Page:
Xperia Z1 vs Galaxy Note 3 comparison review

Galaxy Note 3 vs Xperia Z1

We test a lot of smartphones here at PC Advisor, but recently two have stood out. The Sony Xperia Z1 and the Galaxy Note 3 are both big Android phones that offer stunning performance and excellent displays. They are part of a new breed of phones alongside the iPhone 5S that is taking portable computing to a new level of performance and  functionality. But which is best, the Xperia Z1 or the Galaxy Note 3?

You can read our individual reviews of both phones here: Sony Xperia Z1 review: Xperia Z gets tuned but puts on weight and Samsung Galaxy Note 3 review: fastest-ever phone a slim, well-built phablet with stunning display. Alternatively read on for our Sony Xperia Z1 vs Samsung Galaxy Note 3 smartphone comparison review.

Read: Samsung Galaxy Note 4 release date, price and specs.

Galaxy Note 3 vs Xperia Z1: price

SIM-free both these phones will set you back a pretty penny. The SRP for both the Xperia Z1 and Galaxy Note 3 is £599. You can pick up contract deals for both from around the £30 a month mark. And both are offered on 4G deals by various telcos including O2 and Vodafone. Compare mobile phone deals for up-to-date details.

Galaxy Note 3 vs Xperia Z1: build quality and design

These are two of the bigger slabs of phone on today's market.

The Note 3 is big, yes, but it feels slim. And it has that indefinable quality: I want to pick it up and use it. This is subjective of course, but in the past I've found Samsung phones - and the Galaxy Note models in particular - to feel plasticky and cheap. That's not the case with the Note 3.

The Xperia Z1 looks very much like its high-class predecessor the Xperia Z, but there are some noteworthy changes. The phone is still glass clad on the front and rear, but the rim is now aluminium instead of a rubbery plastic. Sony has also made the edges more rounded. It's subtle but it has a significant effect on how the device feels in the hand (it's much better).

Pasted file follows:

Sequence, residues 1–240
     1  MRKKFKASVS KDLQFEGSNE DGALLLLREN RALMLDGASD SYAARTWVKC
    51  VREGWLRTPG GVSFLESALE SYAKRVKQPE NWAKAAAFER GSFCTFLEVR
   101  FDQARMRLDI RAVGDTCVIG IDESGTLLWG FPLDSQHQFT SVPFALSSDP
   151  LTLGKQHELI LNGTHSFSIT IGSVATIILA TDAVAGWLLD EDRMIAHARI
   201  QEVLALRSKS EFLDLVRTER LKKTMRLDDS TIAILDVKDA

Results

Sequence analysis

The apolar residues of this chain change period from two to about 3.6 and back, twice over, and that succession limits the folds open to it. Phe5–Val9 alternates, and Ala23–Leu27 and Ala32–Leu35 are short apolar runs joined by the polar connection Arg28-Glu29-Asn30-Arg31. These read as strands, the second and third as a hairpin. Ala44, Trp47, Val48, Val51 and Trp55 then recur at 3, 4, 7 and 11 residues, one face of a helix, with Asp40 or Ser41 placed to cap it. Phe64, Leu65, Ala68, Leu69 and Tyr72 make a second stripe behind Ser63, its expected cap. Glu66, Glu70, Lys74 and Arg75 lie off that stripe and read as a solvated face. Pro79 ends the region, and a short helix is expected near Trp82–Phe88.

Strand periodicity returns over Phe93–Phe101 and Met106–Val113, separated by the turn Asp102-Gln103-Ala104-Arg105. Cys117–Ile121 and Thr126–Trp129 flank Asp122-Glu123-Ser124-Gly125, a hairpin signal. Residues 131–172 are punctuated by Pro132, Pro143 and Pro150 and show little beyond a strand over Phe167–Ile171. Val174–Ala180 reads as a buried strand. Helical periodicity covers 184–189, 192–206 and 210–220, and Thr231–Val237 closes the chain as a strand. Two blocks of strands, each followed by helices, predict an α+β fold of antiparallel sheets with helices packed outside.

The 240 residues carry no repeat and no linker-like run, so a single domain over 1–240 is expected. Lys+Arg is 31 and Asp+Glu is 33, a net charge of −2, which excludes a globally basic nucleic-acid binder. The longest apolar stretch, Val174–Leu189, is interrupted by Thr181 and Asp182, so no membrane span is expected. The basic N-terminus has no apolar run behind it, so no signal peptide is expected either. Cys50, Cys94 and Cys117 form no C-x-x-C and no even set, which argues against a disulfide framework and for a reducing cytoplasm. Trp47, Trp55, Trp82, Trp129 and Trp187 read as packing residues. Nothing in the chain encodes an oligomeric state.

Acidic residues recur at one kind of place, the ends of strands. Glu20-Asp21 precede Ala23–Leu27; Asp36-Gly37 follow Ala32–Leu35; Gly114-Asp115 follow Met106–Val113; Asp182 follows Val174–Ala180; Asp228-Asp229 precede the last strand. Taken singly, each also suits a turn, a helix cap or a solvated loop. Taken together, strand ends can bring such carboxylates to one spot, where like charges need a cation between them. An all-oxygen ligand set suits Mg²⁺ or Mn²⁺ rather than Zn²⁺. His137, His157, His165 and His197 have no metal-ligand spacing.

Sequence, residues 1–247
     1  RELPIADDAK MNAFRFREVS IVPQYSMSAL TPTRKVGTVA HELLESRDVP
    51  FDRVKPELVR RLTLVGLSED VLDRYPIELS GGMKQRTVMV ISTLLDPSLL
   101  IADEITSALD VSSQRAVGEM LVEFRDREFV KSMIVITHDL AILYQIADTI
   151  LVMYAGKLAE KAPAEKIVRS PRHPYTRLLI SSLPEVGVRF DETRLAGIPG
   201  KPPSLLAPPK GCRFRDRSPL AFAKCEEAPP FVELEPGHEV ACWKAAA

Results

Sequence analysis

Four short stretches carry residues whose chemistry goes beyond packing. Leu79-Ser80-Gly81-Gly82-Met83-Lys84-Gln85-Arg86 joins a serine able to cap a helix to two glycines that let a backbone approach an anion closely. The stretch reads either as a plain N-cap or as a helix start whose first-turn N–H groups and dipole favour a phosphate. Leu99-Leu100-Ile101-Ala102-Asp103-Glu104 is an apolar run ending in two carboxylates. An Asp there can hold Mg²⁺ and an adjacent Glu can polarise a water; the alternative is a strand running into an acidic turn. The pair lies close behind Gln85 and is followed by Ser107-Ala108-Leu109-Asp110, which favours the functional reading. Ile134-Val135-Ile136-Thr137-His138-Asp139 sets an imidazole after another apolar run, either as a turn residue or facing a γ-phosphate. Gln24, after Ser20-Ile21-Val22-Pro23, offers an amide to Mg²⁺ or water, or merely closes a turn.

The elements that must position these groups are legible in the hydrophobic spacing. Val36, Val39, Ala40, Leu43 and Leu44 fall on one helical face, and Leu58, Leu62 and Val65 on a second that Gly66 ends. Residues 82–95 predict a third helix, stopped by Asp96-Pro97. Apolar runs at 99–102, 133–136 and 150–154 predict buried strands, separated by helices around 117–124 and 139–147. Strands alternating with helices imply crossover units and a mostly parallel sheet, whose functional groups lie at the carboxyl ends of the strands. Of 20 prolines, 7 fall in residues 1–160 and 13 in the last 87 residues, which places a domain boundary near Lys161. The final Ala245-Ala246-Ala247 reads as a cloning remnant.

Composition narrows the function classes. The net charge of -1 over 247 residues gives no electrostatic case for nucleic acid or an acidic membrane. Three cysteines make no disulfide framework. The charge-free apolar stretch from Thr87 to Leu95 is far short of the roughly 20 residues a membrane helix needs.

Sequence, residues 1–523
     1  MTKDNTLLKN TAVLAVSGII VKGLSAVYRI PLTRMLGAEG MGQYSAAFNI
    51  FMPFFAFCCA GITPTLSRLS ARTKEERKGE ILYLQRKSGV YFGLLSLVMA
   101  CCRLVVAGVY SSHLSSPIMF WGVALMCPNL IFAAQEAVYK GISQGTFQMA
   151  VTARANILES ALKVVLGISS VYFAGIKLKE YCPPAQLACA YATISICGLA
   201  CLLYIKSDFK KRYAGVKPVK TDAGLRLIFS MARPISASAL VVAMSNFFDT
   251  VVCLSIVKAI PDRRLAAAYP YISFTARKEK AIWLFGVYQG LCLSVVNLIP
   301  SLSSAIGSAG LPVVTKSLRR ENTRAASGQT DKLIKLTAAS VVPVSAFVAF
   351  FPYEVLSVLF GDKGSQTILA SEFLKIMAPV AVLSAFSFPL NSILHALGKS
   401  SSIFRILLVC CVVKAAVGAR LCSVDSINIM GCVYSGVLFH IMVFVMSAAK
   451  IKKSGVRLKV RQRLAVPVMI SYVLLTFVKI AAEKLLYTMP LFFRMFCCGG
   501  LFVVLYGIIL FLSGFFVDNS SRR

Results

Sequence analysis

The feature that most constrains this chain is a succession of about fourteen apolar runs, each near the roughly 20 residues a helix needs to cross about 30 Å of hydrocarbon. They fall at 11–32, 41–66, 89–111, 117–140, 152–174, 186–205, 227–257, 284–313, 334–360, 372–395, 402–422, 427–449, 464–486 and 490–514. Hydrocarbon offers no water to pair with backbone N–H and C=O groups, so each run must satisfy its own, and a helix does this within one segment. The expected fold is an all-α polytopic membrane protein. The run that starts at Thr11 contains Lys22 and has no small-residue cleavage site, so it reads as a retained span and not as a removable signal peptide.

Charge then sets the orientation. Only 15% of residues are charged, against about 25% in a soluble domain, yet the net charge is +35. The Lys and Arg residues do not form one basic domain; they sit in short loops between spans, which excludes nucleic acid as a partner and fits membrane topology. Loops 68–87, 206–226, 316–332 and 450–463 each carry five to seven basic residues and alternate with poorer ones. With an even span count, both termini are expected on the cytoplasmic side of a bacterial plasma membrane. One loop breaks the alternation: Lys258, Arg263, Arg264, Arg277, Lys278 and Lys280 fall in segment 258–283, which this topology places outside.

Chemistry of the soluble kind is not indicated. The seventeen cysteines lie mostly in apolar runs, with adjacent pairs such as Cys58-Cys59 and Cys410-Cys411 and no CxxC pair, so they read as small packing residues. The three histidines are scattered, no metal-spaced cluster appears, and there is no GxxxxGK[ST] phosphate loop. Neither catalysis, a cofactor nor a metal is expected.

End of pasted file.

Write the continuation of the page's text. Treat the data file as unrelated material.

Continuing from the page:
The Xperia Z1 is thicker and heavier than was the Xperia Z, though. It's 8.7 mm thick compared to the Note 3's 8.3 mm and it's both a few millimetres taller and wider than the Xperia Z, yet is has the same size screen. Although it is smaller than the Note 3 (which has a bigger screen), it weighs 170 g rather than the Note 3's 168 g. You probably won't notice that difference, but overall these small things add up to a phone that feels more bulky than its rival.

The Note 3 differs from its own father the Note 2 in a few small but significant ways. For one thing the thin plastic back that offers access to the battery on Galaxy phones has a new textured finish. From the outside it does a good impression of being leather. Now stick with this: a leather phone may sound risible, but the faux stitching and leather-like texture adds an important feel of quality, without detracting from the undoubted practicality and durability of the removable and thin back cover.

The Z1 also looks the part and we're pleased that Sony has removed that unsightly statutory information and 'do not bin' logos etc. These are two pretty stylish handsets, especially considering their size.

On the plus side, the Z1 is still waterproof and dustproof. Therefore the ports have flaps to stop the aforementioned getting in, but the headphone jack requires such flap no longer. This was a pain on the Z when headphones were plugged in. Once again there are metal contacts on the left side for use with a docking station so you can avoid using at least one flap on a regular basis.